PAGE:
Observations on the results of recent invertebrate analysis
Invertebrate sampling data obtained recently (June 2018), as a result of a brief interim analysis to provide a snap-shot of the outcomes of liming to ameliorate acid episode effects, shows what we consider to be a significant indication of improvement following the first year of forestry road gully liming. This was the presence of good numbers of Baetis (Olive) nymphs in 2018 at both of the uppermost sampling sites near to the source of the Doethie (38 individuals in the Doethie sample and 101 on Nant Esgair Wynt). This is the first time for many years that any of these acid-sensitive nymphs have been found this high up the Doethie headstreams within the Cwm Berwyn Forest and is, we believe, a clear sign of successful amelioration of acidification/aluminium toxicity which now appears to be decreasing here.
Spot pH testing of river water in late June 2018 at these sites seem to confirm this with readings averaging pH 6.6 recorded for the Doethie and pH 6.8 average recorded for its uppermost tributary Nant Esgair Wynt. Although the analysis involved in these quick check samples is limited, the presence for the first time of these Baetis nymph insects is a significant key indicator for us not only because it is known that they are unable to survive acid episode conditions but also because they form an important component of the diet of young salmonids. Indeed young salmonids were also observed at these sites.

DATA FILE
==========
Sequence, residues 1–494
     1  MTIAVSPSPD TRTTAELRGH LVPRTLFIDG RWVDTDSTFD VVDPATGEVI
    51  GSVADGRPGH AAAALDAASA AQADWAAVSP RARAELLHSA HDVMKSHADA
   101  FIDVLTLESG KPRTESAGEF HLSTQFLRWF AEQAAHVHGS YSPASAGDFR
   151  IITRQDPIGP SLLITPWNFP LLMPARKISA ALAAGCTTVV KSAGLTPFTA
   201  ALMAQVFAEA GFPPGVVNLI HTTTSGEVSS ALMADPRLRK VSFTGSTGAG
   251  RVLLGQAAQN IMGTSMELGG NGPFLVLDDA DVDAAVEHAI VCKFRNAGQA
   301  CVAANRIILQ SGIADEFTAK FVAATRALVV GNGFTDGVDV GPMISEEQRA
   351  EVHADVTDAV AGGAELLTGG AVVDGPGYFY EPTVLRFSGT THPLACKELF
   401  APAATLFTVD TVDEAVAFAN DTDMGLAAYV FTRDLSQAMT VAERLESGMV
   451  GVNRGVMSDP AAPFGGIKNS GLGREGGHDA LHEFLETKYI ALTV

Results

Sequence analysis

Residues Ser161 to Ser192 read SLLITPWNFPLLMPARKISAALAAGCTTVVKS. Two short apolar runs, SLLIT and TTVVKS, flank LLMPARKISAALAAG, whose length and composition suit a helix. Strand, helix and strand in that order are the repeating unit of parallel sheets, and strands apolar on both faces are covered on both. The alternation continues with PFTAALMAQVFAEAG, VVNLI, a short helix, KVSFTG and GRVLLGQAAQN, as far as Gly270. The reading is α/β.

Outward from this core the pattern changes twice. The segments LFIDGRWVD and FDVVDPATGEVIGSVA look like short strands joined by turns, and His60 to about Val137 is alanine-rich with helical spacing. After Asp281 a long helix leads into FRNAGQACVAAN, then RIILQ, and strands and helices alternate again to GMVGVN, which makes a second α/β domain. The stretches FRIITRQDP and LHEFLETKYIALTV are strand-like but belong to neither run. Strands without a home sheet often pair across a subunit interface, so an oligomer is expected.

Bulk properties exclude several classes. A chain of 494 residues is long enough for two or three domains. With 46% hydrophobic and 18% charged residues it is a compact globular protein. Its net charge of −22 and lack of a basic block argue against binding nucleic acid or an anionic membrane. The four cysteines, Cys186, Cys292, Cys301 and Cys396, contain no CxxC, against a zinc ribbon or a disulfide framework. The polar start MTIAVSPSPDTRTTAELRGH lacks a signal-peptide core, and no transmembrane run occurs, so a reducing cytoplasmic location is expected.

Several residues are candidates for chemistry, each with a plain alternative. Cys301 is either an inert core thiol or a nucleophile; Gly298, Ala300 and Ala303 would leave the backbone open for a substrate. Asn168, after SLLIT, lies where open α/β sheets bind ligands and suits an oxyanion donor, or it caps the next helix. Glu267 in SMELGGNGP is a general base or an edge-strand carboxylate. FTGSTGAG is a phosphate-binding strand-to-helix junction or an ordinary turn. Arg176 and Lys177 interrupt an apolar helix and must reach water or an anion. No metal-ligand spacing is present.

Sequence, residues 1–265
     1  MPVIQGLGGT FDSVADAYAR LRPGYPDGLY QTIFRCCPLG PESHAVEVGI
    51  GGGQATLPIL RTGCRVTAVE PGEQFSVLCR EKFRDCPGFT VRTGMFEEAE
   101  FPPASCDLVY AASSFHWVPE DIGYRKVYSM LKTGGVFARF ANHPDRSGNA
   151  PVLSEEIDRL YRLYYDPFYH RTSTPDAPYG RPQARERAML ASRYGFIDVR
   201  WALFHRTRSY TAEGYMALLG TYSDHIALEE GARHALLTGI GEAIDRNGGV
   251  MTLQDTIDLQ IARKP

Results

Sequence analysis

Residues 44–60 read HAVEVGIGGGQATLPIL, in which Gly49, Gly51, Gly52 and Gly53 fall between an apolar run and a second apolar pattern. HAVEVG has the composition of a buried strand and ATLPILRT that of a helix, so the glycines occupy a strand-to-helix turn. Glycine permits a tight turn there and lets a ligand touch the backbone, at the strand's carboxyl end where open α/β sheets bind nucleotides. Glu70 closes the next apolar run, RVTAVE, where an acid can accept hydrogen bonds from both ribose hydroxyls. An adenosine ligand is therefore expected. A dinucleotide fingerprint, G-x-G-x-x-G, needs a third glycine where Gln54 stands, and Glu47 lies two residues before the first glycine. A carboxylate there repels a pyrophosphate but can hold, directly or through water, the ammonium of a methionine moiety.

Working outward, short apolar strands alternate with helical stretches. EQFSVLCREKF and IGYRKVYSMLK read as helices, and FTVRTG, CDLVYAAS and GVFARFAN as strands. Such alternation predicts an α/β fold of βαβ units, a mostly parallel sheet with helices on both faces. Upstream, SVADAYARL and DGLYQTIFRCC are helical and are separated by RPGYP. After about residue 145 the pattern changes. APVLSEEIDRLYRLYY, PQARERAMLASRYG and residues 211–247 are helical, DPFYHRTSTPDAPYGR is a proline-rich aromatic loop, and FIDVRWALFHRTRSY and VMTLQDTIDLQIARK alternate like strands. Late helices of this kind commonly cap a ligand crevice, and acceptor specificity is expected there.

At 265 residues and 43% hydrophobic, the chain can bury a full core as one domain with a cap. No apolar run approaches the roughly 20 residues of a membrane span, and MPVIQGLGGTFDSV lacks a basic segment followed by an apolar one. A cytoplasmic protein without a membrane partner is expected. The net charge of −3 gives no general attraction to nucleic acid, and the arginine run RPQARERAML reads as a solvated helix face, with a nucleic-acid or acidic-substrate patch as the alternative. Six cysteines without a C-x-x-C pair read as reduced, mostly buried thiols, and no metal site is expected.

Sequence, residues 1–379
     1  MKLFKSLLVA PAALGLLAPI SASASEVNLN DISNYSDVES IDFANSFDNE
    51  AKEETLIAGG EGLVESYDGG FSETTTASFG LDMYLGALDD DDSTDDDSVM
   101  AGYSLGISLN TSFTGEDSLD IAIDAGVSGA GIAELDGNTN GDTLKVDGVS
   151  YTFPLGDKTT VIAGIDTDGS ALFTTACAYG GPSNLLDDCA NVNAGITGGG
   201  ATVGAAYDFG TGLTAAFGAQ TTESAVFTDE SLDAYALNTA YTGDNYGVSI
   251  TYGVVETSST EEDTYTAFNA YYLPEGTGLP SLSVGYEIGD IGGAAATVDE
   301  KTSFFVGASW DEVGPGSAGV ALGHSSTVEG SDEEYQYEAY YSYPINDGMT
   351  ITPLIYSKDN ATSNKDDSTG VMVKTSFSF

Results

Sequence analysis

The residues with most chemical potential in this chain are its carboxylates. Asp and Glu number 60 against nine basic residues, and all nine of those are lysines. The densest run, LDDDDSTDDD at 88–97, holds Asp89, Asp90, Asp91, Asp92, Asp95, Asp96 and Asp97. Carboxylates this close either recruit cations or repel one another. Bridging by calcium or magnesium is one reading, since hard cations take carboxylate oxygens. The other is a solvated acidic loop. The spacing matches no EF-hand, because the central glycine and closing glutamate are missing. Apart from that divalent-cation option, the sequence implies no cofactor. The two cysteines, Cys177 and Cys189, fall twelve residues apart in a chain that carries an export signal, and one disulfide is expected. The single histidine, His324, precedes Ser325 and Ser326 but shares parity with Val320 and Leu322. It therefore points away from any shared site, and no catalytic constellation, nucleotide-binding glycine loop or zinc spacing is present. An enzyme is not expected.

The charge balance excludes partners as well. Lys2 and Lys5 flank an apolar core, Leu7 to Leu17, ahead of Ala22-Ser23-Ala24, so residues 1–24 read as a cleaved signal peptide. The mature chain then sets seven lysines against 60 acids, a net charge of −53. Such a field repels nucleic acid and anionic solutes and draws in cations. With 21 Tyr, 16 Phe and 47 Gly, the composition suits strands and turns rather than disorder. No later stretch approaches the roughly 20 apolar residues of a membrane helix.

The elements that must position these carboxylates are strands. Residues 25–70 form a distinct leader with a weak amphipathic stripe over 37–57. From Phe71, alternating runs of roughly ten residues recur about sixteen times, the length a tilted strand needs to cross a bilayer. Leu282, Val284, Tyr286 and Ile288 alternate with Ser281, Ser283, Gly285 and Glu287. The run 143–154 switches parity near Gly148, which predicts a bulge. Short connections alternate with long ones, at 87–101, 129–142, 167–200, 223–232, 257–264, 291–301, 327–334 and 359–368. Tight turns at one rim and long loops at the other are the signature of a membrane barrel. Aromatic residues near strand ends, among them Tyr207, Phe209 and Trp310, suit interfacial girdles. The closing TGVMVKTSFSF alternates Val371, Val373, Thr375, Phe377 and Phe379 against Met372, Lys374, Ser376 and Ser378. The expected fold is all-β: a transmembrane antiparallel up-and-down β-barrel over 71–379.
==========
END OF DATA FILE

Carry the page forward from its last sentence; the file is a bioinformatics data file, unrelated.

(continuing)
Comparisons of more recent invertebrate data with earlier years has shown a gradual improvement in the invertebrate life present in the sub-catchment. (See kick sample results in the table below)
As well as an increase in the numbers of such acid sensitive individuals another indicator of recovery from acidification would be an increase in the overall diversity of invertebrate species. These latest kick samples indicated a slight increase in the number of the invertebrate groups present on the uppermost Doethie headstream.